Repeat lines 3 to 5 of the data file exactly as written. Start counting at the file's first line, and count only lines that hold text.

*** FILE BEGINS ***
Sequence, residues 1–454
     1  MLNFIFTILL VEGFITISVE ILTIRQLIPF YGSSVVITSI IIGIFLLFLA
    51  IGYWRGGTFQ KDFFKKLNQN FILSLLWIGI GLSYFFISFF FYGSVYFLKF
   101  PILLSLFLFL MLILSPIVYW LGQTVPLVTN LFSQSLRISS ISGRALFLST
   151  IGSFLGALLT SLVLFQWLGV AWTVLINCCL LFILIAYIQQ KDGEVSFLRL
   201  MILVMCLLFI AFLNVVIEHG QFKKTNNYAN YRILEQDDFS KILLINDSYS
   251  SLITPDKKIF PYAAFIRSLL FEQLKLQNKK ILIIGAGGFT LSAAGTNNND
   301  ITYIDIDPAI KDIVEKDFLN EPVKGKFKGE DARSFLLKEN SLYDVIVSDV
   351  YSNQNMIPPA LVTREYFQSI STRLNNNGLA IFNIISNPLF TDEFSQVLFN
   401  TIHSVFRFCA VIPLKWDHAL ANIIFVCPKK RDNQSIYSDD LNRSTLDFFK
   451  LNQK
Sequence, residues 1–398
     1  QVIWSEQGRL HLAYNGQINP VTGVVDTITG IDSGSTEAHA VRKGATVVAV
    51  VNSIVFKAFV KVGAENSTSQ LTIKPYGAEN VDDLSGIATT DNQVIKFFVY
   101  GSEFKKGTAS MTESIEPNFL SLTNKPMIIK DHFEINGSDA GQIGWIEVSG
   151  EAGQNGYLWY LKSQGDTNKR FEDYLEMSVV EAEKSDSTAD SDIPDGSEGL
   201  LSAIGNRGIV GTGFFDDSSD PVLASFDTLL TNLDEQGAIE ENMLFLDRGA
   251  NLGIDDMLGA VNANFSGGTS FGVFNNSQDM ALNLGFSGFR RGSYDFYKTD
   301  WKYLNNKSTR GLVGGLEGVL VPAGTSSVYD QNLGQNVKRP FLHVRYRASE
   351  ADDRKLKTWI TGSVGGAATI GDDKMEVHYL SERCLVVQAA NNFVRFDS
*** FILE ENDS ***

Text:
    51  IGYWRGGTFQ KDFFKKLNQN FILSLLWIGI GLSYFFISFF FYGSVYFLKF
   101  PILLSLFLFL MLILSPIVYW LGQTVPLVTN LFSQSLRISS ISGRALFLST
   151  IGSFLGALLT SLVLFQWLGV AWTVLINCCL LFILIAYIQQ KDGEVSFLRL